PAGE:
What is a SAD lamp and do they work as a treatment for Seasonal Affective Disorder?

The winter months can often make many people feel more glum than usual and there’s actually a scientific reason for this.

Millions of people across the UK struggle with Seasonal Affective Disorder (SAD), a type of depression that is only present during certain seasons.

For most people, SAD symptoms start to develop during late autumn and become most severe in the winter, making the cold months tough to get through.

But there’s one simple thing that could help to battle the winter blues, a SAD lamp.

Here’s everything you need to know about what a SAD lamp is and whether they really work.

What is a SAD lamp?

A SAD lamp is a type of light box that emits a very bright form of light.

The lamps come in a variety of designs, including desk-lamps and ones that can be mounted to your walls.

SAD lamps are commonly used as a form of light therapy in the treatment for Seasonal Affective Disorder and are believed to be able to improve the mood of people who suffer from winter depression.

The light therapy involves sitting in front of the lamp, usually for around 30 minutes in the morning, and the intense light is supposed to simulate the sunlight that is often missing during the darker months.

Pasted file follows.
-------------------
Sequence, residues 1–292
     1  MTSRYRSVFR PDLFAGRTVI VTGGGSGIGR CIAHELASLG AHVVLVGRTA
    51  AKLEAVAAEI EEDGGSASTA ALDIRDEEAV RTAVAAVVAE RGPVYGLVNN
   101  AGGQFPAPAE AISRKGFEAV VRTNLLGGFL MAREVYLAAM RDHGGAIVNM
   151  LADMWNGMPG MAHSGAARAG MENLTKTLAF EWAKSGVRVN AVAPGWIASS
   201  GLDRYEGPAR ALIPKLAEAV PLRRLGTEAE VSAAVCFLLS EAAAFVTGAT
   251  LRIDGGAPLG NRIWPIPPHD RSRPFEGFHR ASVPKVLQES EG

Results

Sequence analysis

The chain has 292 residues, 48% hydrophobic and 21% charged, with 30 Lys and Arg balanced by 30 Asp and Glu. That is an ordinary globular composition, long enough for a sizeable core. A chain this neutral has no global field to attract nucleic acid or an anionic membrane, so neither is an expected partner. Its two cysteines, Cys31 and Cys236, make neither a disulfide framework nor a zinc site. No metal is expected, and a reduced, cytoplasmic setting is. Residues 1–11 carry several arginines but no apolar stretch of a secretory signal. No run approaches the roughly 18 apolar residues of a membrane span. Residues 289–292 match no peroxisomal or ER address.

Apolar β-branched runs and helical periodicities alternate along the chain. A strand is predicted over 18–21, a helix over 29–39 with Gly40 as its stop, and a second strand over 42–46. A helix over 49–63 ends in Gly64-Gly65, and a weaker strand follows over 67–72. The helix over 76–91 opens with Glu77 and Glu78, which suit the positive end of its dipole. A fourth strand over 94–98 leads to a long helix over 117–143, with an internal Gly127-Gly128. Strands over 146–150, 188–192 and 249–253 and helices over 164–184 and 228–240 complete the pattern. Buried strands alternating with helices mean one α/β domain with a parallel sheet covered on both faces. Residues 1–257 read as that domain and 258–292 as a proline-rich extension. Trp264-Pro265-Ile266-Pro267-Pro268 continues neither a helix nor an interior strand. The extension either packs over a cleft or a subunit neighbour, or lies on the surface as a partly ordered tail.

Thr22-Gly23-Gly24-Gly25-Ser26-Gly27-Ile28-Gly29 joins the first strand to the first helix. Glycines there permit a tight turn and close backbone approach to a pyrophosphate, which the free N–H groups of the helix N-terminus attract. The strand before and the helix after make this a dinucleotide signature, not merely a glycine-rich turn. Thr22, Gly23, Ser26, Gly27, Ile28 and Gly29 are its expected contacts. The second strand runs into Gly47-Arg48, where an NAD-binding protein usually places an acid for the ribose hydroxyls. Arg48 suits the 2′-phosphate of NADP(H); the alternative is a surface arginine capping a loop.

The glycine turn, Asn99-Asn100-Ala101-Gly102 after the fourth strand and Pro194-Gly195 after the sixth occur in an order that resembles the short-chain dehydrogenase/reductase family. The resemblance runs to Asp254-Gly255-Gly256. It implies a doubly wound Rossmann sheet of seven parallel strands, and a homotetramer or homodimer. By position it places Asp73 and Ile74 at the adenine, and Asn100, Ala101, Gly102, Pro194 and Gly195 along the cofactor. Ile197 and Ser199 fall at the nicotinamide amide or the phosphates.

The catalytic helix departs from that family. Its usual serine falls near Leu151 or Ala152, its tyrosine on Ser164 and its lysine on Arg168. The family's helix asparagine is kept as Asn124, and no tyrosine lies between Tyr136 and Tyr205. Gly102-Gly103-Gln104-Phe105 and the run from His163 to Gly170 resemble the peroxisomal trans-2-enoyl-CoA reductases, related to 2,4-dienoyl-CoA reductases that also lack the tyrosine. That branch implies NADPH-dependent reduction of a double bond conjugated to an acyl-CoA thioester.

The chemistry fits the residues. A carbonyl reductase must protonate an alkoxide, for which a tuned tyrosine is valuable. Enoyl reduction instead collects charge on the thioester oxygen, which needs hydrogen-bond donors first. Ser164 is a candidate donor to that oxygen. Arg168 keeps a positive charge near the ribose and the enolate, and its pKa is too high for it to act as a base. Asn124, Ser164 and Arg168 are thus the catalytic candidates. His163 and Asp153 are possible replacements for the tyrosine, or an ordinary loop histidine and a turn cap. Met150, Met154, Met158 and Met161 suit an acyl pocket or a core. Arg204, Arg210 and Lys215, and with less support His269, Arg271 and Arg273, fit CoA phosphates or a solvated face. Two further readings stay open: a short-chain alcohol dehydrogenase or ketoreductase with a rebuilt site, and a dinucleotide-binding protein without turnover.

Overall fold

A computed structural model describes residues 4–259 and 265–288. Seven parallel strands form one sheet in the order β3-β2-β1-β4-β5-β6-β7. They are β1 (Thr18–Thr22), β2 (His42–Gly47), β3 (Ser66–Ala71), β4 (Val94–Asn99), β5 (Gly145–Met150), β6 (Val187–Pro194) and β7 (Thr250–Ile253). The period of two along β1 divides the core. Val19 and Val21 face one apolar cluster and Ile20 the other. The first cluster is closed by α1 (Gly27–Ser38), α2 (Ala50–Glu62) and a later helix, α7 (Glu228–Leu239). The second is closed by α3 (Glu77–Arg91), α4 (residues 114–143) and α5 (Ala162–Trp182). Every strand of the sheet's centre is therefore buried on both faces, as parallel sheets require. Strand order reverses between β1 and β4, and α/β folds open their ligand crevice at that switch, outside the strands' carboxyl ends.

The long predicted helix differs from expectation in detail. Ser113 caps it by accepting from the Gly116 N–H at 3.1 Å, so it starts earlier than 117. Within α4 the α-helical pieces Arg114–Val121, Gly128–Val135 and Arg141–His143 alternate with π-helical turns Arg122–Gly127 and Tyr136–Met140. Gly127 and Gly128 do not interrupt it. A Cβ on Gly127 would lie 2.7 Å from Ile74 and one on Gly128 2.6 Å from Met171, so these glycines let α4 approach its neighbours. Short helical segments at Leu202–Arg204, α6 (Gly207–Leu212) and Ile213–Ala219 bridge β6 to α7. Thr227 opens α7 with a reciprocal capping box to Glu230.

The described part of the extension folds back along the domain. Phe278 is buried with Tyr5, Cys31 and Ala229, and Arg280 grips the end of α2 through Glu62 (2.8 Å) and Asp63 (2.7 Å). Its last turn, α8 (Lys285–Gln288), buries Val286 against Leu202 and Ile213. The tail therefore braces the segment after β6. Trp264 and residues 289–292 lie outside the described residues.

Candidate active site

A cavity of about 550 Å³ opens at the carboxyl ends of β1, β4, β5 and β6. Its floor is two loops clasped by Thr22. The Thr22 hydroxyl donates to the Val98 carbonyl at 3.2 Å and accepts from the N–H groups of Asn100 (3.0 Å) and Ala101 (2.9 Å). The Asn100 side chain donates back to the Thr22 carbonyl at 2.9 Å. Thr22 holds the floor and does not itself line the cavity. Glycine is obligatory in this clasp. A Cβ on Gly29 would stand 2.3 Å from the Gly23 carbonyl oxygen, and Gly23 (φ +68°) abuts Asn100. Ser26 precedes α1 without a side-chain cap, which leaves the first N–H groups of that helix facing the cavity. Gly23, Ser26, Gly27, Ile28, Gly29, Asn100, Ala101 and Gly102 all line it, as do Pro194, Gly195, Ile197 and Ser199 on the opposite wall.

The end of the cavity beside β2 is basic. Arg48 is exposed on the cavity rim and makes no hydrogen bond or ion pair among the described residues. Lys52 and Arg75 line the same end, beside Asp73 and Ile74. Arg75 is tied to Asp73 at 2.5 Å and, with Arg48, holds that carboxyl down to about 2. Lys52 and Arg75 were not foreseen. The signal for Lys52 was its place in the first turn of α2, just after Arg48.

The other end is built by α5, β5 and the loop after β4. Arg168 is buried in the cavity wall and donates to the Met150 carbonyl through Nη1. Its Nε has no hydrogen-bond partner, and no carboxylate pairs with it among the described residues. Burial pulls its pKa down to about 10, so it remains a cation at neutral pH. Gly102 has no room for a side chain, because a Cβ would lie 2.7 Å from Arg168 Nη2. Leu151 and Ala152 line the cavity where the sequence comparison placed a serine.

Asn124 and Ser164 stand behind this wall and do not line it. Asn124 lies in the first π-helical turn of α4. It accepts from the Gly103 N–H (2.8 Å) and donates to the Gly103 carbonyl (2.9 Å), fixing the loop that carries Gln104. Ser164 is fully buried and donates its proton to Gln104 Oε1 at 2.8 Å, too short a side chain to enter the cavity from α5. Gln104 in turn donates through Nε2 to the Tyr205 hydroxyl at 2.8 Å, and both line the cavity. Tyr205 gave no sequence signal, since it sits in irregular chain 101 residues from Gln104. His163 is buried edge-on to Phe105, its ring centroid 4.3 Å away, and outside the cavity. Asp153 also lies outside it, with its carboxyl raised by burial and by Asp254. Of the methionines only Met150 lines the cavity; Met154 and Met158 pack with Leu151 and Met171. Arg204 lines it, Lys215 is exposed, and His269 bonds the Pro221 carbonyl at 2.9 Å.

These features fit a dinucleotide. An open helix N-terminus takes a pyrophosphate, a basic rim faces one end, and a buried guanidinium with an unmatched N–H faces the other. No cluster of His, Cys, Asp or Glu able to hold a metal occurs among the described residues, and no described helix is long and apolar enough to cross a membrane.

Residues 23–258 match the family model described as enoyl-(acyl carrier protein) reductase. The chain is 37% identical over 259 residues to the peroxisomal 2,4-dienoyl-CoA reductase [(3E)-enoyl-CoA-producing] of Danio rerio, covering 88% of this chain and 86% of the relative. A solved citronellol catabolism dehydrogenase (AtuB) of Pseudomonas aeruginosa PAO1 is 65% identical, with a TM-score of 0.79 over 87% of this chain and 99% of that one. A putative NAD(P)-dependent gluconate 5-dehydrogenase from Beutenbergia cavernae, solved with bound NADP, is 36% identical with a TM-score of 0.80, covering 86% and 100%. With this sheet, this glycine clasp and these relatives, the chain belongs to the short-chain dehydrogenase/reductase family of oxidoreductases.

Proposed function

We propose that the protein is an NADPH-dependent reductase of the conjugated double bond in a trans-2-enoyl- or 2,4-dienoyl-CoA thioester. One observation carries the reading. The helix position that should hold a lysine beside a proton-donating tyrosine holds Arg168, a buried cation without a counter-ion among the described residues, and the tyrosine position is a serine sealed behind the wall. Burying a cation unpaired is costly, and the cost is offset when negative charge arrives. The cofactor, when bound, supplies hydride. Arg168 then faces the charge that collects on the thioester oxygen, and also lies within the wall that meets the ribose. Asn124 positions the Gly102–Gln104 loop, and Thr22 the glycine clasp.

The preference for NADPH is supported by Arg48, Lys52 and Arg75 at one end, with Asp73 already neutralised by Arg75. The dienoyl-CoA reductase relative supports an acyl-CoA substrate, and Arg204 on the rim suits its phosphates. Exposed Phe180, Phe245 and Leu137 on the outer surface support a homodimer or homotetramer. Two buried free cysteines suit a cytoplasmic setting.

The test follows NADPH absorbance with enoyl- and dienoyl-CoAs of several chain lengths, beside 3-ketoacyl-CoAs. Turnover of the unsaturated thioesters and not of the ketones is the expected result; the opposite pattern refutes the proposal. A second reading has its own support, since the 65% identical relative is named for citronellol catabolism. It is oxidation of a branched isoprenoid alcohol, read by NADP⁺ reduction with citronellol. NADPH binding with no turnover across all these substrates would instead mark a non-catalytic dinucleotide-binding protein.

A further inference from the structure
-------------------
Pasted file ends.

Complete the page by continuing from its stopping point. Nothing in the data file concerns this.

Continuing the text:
Do SAD lamps work for Seasonal Affective Disorder?

According to the NHS, evidence regarding the effectiveness of light therapy is mixed but some studies have concluded that it’s effective in the treatment of Seasonal Affective Disorder, particularly when used in the morning.

BWRT psychotherapist Lisa Jury, told the Mirror that while light therapy can work, it’s important to ensure you’re using the right type of SAD lamp.

She said: “Light therapy is a proven treatment for SAD but sitting and staring at your kitchen halogens won’t do the job!

“You need to use a proper lightbox that will provide you with the exact type & brightness of light that will help.”

Explaining why SAD occurs, Lisa said: “Historically SAD has been disregarded as a genuine form of depression, and its sufferers written off as being merely moody or grumpy.

“Recent study and research, however, has concluded that it is, in fact, a real form of depression that occurs in direct relation to a person’s hormonal state, exposure to natural light and temperature which can both influence the body’s production of melatonin.”

Using SAD lamps as a form of light therapy encourages your brain to reduce the production of melatonin, which makes you sleepy, and increases production of serotonin, the hormone that affects your mood.

Lisa also said that while light therapy and other forms of treatment can be used to combat the symptoms of SAD, you should get a formal diagnosis first.

She explained: “If you feel that you are feeling down during the winter months, then the first step should be to visit your doctor.

“The symptoms of SAD are very similar to other types of depression, so it’s important to rule those out first and to get a formal diagnosis.”

The National Institute for Health and Care Excellence (NICE) also recommends that SAD be treated like other types of depression, so while light therapy has proven beneficial to some people, you may also benefit from other types of treatment such as cognitive behavioural therapy or antidepressants.